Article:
Metabolome analysis of pepper leaves after different light treatments

To better understand the process of leaf color change in pepper, liquid chromatography tandem mass spectrometry (LC-MS/MS) was used to analyze anthocyanin metabolites in pepper leaves in each treatment group, and 108 anthocyanin compounds were identified. (Table S1). By subjecting these compounds to unit variance scaling (UV) and hierarchical cluster analysis (HCA), we identified 12 delphinidin compounds, eight cyanidin compounds, eight flavonoids, seven pelargonidin compounds, six malvidin compounds, six petunidin compounds, three peonidin compounds, and one procyanidin compound (Fig. 2a, Table S2).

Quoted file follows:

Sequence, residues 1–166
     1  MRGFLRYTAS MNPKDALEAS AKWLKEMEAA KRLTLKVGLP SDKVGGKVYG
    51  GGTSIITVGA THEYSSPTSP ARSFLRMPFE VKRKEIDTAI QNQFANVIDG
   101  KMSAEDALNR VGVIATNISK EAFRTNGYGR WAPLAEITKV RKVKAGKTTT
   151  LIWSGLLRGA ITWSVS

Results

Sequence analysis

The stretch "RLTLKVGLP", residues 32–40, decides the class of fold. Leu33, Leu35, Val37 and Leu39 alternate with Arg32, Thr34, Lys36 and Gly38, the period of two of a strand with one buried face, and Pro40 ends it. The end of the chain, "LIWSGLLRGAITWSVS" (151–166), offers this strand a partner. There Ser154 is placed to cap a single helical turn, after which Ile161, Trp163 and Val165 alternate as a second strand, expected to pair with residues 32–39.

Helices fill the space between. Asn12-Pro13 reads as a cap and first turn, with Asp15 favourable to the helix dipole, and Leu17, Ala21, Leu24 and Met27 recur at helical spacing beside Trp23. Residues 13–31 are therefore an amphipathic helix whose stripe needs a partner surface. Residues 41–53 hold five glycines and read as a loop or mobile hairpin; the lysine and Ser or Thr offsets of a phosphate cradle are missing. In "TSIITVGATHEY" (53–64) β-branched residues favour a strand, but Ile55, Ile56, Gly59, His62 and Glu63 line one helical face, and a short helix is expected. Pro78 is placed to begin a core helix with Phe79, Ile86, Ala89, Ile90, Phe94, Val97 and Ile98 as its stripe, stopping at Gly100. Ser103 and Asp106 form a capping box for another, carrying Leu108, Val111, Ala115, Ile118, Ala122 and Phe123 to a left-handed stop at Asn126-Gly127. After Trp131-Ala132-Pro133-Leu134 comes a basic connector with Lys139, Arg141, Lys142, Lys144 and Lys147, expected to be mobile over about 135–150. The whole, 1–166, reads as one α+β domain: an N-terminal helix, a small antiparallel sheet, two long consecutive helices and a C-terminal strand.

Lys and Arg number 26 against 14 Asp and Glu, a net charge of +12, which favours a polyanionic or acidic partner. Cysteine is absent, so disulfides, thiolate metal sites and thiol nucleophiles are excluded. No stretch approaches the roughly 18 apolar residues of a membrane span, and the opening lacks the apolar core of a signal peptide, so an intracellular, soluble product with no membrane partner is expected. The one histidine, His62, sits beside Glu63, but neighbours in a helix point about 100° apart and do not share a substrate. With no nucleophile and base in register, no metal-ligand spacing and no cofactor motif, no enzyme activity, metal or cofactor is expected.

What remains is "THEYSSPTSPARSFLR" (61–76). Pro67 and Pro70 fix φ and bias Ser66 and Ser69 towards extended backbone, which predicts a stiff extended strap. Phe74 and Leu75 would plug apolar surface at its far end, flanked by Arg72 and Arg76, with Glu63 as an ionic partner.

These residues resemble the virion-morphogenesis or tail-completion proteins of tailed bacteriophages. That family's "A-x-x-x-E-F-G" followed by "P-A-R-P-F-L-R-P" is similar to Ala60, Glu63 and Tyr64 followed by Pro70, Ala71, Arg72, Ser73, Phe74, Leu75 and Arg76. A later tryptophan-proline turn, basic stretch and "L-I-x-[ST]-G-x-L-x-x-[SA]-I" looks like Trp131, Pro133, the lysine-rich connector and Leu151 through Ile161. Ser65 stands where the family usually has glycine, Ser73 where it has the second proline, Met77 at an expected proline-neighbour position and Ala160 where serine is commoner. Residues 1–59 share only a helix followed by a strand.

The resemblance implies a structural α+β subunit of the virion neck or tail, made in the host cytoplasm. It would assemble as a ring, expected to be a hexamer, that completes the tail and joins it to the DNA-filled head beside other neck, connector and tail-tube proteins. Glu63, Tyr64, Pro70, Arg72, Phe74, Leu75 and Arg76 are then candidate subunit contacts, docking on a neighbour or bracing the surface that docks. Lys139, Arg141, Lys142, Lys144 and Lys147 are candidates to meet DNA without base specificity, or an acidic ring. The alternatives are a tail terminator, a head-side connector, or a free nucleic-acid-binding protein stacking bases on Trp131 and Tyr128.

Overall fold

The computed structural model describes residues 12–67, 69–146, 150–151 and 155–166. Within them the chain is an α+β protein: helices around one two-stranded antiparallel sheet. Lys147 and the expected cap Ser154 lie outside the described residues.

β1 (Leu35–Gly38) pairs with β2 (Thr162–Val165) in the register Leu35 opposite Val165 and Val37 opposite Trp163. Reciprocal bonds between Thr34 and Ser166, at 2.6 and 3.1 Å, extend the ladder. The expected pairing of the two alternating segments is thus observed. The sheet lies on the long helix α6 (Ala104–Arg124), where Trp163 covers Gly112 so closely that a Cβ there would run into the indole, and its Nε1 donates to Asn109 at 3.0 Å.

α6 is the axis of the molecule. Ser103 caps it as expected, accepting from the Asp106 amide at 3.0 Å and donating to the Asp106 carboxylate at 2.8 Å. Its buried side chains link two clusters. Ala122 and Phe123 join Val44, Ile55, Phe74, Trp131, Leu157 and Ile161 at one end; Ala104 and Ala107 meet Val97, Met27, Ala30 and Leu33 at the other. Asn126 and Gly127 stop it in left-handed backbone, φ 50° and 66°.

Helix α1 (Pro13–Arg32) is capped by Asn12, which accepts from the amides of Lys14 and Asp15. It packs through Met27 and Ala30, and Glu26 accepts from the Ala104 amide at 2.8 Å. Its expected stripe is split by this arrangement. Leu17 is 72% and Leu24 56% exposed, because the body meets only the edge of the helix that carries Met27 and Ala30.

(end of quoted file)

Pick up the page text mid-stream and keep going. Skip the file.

A total of 12 differential metabolites were compared between TW/CW, TB/CB, and TR/CR, with content values > 5 as the screening condition (Fig. 2b). The results showed significant variation in the levels of delphinidin-3-O-glucoside, delphinidin-3-O-rutinoside, fzelin, kaempferol-3-O-rutinoside, naringenin-7-O-glucoside, rutin, and quercetin-3-O-glucoside under different light conditions (Fig. 2c). The metabolic content in the TB treatment was notably higher than in other light treatments, suggesting that these compounds influence the formation of purple leaves.

Fig. 2
figure 2

Metabolome analysis of pepper leaves under different light treatment groups. (a) Heat map of 51 anthocyanin contents. (b) Venn diagram between different light treatments under the same light quality. (c) histogram of differential metabolite contents

Transcriptome analysis of pepper leaves after different light treatments